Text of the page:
It remains a fact, however, that the economists whose efforts have really mattered throughout the history of our science have been “normative” economists, in fact, system-building economists. Could anyone deny that the three most influential economists to date, Adam Smith, Karl Marx, and John Maynard Keynes, were not merely analysts but system-builders? Each erected his system on a particular set of values, i.e. norms, and was therefore a normative economist above all else. For these men, analysis was merely a tool for constructing a system which they felt would be superior to alternative systems of economics. And that was as it should be since economics is a practical science or it is nothing, becoming otherwise, at best, a sterile game. Pesch’s trouble was that the particular set of norms on which he erected his system of economics was basically Christian, and he was therefore out of step with a society which was already basically post-Christian. Such an ambience could beget a Lenin and a Hitler, but it was not likely to give ear to the likes of Heinrich Pesch, S.J. A proposal to reconstruct a social economy on norms which were in harmony with Christian principles could at best be regarded as hopeless romanticist medievalism and, at worst, as a sinister attempt to revive Jesuitry and popery in an age long since too “enlightened” to tolerate such reaction, especially when there were obviously “better” alternatives. Now that our world is fast reaching the point at which it is running out of tolerable alternatives, it may soon find itself in a position where it will be willing to at least examine Pesch’s neglected system of economics. The keynesian alternative has about run its futile, if not disastrous, course; and the Marxian one can maintain itself only by incredibly brutal and coercive tactics. Capitalism, in its original Marxian sense, is extinct in all but name. Even its name has become unacceptable to many peoples on our planet who have felt only capitalism’s exploitative sting without ever eating of its fruits.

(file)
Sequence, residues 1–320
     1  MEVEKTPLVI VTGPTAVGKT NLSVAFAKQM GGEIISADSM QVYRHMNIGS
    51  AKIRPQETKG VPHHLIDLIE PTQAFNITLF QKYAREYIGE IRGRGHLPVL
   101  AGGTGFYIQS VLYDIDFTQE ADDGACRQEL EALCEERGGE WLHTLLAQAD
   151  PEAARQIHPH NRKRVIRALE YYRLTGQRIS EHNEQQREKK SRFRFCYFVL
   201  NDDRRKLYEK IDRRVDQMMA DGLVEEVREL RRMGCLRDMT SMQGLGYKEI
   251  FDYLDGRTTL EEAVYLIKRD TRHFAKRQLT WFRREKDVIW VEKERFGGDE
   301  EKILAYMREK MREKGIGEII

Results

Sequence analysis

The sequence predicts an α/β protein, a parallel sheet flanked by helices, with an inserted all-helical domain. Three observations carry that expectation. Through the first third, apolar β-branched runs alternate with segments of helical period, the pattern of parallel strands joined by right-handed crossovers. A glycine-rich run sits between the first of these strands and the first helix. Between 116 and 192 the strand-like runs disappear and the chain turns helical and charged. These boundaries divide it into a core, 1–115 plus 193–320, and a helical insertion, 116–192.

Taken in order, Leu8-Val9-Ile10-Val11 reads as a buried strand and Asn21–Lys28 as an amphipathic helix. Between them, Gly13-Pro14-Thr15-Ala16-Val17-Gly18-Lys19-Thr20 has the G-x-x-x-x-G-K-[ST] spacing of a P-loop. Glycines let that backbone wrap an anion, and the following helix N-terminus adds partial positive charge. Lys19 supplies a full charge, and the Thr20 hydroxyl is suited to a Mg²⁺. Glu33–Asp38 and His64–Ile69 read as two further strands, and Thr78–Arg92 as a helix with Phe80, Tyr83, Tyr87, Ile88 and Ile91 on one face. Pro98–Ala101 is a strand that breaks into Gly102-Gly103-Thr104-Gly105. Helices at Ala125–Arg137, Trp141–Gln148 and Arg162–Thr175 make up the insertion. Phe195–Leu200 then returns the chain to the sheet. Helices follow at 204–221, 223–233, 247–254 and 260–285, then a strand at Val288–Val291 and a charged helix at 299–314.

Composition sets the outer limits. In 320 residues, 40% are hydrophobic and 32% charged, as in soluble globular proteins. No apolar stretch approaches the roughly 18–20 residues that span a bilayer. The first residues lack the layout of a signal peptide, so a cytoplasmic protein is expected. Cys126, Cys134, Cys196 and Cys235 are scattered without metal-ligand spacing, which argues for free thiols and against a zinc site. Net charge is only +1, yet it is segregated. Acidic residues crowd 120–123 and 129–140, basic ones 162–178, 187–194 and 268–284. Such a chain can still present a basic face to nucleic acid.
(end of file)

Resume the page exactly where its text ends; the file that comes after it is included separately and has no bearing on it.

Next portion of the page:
Adam Smith’s Wealth of Nations provided a credo for that discredited capitalism among whose unhappy consequences we must eventually include Marxism, which, in its various guises, may even now be preparing Western society for its last decisive shove over the precipice. Nevertheless both Adam Smith and Karl Marx are feted as men who wrote “great books”, and indeed Wealth of Nations and Capital are great in the same sense that Mein Kampf was a great book. But as far as their grasp of the ultimate values and realities is concerned, they represent abject nonsense. The condition of our world at present, a world partly shaped by these men and their books and by their developed systems of economics (not merely sterile analyses), provides the best evidence of their folly.

Like Adam Smith and Karl Marx, Heinrich Pesch outlined a kind of economic system based on an economic philosophy. Like them, Pesch made human labor or, more broadly, human industry, the dominant factor in the economic order. Unlike them, however, Pesch based his economic philosophy, which he called solidarism, on a set of consistent principles which would prevent human labor from being ground to a proletarian mash by capitalistic class egotism on the one hand, and, on the other, by cannibalistic, centralized state bureaucracy.